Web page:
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MPhil in Engineering for Sustainable Development

global challenges, engineering solutions

Interventions to balance Aotearoa New Zealand’s agricultural system’s contribution to food security with environmental protection: A systems thinking approach with planetary accounting methods

How can we feed the world without devouring the planet? (Monbiot, 2022). In its current state, our global food system is feeding the world in a way that is overshooting planetary boundaries (i.e. the Earth’s environmental limits) (Rockström et al., 2020). The EAT-Lancet Commission (2019) called for the ‘Great Food Transformation’; an urgent and radical transition of the global food system to reduce ‘planetary overshoot’, while providing healthy diets for the world’s growing population. They developed a framework consisting of global environment limits for the food system as well as system change interventions. However, for the world to facilitate the change required, the framework needs to be scaled:

  • to the national-level to inform strategic decision making and policy development
  • to the farm-level as this is where practical decisions are made that can directly impacts the food system’s transgression of environmental limits.

In this research, the EAT-Lancet limits were used to generate a 2021 ‘planetary overshoot’ baseline of Aotearoa-New Zealand (NZ)’s agricultural production system. The results suggest that in relation to how much nutrition NZ is providing, the system is overshooting its ‘fairshare’ of some planetary boundaries (agricultural greenhouse gases – 280%, nitrogen – 220% and phosphorous – 560%). That is to say, the food being produced in NZ (for export and domestic consumption) has an environmental impact intensity which exceeds the required averages for sustainable and healthy diets (defined by the EAT-Lancet Commission (2019)). Several NZ agriculture experts were interviewed to inform how NZ could and should respond to this case for change. They highlighted systemic barriers that influence decision-making within the agriculture system, as well as enablers to help the system move forward. Two key leverage points for wider systems change, that are within the land steward’s agency to initiate are data collection and developing partnerships with local Iwi.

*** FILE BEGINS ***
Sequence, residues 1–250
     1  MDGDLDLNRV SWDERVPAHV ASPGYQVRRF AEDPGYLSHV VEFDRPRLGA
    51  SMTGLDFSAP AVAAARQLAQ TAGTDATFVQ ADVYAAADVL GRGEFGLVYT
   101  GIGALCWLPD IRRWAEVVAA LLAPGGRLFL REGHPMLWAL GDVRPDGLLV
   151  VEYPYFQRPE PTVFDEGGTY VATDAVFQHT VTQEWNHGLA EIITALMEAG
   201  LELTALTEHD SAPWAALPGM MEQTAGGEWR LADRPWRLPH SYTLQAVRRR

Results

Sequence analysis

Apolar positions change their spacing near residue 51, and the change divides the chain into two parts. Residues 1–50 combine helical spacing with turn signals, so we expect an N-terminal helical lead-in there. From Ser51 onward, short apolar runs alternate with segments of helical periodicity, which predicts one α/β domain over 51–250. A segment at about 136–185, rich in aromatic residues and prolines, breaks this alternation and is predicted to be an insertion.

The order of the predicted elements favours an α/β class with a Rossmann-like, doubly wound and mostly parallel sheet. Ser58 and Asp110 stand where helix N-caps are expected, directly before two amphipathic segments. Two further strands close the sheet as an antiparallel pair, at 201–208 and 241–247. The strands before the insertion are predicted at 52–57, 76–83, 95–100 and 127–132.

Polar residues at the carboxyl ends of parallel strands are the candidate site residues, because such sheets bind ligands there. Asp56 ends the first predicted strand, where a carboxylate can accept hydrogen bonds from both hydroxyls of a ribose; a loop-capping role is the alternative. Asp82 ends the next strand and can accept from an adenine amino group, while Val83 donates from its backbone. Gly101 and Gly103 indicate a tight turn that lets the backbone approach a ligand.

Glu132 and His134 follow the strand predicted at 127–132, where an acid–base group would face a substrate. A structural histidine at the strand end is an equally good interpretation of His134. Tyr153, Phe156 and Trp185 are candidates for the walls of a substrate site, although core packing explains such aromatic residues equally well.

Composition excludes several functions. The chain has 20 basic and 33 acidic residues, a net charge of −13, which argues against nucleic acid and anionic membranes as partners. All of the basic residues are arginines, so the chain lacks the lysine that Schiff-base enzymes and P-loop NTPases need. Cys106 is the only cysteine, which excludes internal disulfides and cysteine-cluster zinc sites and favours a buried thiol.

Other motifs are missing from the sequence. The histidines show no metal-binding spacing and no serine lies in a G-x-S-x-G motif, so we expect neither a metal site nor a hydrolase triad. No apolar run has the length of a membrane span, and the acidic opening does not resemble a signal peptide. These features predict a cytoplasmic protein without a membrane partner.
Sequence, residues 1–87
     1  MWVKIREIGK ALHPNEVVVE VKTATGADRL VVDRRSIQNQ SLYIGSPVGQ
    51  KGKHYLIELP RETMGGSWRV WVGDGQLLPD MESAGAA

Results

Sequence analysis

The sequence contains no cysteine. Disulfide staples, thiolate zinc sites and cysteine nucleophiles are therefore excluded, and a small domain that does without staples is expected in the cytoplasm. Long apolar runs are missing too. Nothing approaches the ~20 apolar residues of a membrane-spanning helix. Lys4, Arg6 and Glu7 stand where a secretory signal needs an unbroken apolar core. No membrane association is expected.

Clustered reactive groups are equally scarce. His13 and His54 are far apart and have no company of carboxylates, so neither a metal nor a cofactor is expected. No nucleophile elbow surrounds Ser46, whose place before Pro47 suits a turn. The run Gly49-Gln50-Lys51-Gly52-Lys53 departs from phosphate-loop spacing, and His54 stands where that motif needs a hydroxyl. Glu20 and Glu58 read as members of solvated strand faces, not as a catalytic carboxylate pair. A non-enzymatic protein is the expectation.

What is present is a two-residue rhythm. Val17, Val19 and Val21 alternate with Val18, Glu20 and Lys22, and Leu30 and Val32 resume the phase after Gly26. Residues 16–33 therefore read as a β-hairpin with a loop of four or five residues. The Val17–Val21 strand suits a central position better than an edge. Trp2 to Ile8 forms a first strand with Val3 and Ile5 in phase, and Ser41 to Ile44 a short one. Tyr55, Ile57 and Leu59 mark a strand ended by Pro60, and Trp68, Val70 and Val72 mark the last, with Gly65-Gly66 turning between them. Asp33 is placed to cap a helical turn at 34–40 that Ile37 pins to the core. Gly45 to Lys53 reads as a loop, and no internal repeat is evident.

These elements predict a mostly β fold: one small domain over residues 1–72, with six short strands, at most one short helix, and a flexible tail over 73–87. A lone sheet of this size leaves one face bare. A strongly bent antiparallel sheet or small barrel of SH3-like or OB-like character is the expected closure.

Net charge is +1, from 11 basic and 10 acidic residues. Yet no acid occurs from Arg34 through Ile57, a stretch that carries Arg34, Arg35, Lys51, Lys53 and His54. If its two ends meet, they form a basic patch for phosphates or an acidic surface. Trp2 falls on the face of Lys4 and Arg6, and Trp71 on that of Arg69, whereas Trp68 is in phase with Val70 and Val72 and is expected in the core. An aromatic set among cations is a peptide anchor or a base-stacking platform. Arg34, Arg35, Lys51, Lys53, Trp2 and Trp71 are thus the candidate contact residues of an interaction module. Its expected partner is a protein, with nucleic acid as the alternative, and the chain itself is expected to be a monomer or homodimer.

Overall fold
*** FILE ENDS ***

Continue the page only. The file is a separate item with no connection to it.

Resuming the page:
The NZ government could incorporate the systems-thinking approach outlined in this research to inform a strategic and integrated agricultural environmental policy that balances food production and planetary protection. The approach could also form the basis of a holistic on-farm decision making framework to help land stewards understand the trade-offs. At the farm and national level it could help to provide a step towards an industry-wide paradigm shift where environmental sustainability and long-term food security is prioritised over short-term maximised production.



Course Overview


The need to engage in better problem definition through careful dialogue with all stakeholder groups and a proper recognition of context.


An ability to work with specialists from other disciplines and professional groups acknowledging that technical innovation and business skills also must be understood, nurtured and combined as precursors to the successful implementation of sustainable solutions.


An understanding of mechanisms for managing change in organisations so future engineers are equipped to play a leadership role.


An awareness of a range of assessment frameworks, sustainability metrics and methodologies such as Life Cycle Analysis, Systems Dynamics, Multi-Criteria Decision making and Impact Assessment.